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Discussion Starter · #1 ·
Reloaded a few .45 acp, my first. Took them to the range and fired most through the PT1911, and a couple through my XD 45. Most fired without a hitch, but three of them did not fire in the 1911, even after two hits. The man next to me had several guns with him, one of which was also a PT 1911. He and I discussed the possibilities as to why the rounds did not fire..no powder..bad primer. I told him that I weighed each finished round to insure all were close, so I knew there was powder in them. He then took the non-firing rounds, loaded them into his 1911 and they fired without a hitch. I wonder if I need work on the 1911 :???: :???:. Any help from you guys would be greatly welcomed. Keep in mind the 1911 is near new, only about 100 rounds through it so far.
 

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I have a Ruger that just doesn't like CCI primers. Quit using them and cured the problem. Some primers are harder than others. You might start there before you consider having your 1911 worked over.
 

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Make sure the primers are seated firmly, that is a extremely easy problem, after 20 years of doing it I ran into some last weekend for my 357 that weren't seated completely, different problem there, wheel won't spin. With pistol the first smacks maybe just setting the primer in so his first smack lit it off.

David
 

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I agree with Smokewagon and Davidk0031 that it is a primer related problem. It appears that your PT1911 didn't strike the offending primers hard enought to set them off where your shooting buddies gun did. Everyone to there own likes and dislikes, but I use Winchester primers in all my loads and have never had a failure to fire that was primer related.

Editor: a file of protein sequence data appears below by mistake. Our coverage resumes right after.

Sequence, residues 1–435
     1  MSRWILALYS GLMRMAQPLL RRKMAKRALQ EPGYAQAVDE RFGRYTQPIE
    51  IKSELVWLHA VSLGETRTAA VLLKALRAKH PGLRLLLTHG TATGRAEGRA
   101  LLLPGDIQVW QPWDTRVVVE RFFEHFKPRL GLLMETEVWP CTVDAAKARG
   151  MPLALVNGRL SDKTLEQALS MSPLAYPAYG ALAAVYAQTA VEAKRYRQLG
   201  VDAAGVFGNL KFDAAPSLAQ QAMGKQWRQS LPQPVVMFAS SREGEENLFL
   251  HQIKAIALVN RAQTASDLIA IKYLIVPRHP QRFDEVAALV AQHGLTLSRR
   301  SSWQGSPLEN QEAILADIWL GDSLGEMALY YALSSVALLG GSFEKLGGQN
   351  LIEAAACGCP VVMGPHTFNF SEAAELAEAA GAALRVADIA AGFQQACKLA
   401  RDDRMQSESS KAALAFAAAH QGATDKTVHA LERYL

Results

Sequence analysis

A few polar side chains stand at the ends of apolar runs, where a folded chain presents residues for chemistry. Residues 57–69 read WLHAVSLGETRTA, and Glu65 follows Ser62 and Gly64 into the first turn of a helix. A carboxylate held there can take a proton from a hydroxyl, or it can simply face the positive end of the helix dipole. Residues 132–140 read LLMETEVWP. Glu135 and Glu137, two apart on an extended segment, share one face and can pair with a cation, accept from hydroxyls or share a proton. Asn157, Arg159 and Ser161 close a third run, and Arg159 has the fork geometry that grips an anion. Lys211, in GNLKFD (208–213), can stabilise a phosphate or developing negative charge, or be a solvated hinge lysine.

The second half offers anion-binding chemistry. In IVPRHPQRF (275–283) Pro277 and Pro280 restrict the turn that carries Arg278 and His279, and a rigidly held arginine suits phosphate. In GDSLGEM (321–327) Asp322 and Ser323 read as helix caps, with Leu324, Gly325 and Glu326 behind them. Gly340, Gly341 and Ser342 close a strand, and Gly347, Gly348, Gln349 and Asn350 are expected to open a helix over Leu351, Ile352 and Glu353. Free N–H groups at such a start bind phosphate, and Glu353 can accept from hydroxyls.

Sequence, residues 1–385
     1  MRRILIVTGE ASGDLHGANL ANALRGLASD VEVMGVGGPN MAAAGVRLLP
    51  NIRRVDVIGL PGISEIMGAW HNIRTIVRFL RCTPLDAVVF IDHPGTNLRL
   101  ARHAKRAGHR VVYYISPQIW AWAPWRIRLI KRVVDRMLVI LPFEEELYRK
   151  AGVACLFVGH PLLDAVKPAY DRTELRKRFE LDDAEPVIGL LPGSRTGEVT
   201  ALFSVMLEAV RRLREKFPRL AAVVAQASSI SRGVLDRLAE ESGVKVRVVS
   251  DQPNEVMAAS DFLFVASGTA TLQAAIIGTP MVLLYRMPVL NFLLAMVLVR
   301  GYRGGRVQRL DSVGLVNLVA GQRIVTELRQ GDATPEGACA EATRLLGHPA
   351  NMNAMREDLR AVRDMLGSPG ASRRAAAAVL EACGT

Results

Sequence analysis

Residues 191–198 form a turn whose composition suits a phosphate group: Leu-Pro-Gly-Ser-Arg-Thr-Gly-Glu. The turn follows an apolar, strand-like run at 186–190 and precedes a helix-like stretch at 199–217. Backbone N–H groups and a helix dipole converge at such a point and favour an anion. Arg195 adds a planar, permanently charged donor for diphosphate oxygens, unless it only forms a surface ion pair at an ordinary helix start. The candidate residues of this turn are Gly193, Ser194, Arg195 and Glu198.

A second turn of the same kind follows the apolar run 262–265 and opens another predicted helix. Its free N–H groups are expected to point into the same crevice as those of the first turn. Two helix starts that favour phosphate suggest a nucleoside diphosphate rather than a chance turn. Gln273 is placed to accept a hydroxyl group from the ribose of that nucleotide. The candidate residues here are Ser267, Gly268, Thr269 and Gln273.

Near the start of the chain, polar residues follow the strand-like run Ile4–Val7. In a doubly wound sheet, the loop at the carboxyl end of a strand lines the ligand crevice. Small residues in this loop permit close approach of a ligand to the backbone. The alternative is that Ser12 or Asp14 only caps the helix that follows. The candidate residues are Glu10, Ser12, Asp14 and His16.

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You didn't say, did the primers on the rounds that didn't fire have any strike marks on them? I had (have) problems with a brand new 24/7 OSS that had 5 rounds out of 200 that did not fire and had no marks on the primers even after 3 and 4 pulls. If the primers had no marks then it is probably a gun problem, if they did have marks it could be the primers themselves.

What primers are you using? CCI seems to be good primers, but they are a bit harder than some, that is why i like them for my 223's for the AR, that way you don't get auto fires as the bolt slams home. It is possible your 1911 isn't hitting hard enough, but i think i would try some different softer primers first before taking the gun to the Smith and especially before sending the gun back to Taurus for 6 to 8 weeks and then being told "We can't find anything wrong."

I have had very good luck with Wolf primers. I have used about three thousand of them now in my 40 cal my 1911 45 and my 223 AR. Everyone of them has gone bang without a miss so far.
 

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Discussion Starter · #6 ·
I am using Winchester Primers. Also, checked before firing to insure primers were seated properly and they were. The gentleman who fired the rounds checked this as well. Also, the primers had striker marks(dents) from my gun, and actually double marks as I took them out, reloaded into magazine and tried to refire. Then the other gent placed them into his 1911 and they fired. Maybe my firing pin is not hitting deep enough but as I said before, other rounds fired in this gun all fired w/o any trouble. I am reloading more this weekend and will report further. Again as always, thanks for all replies!!!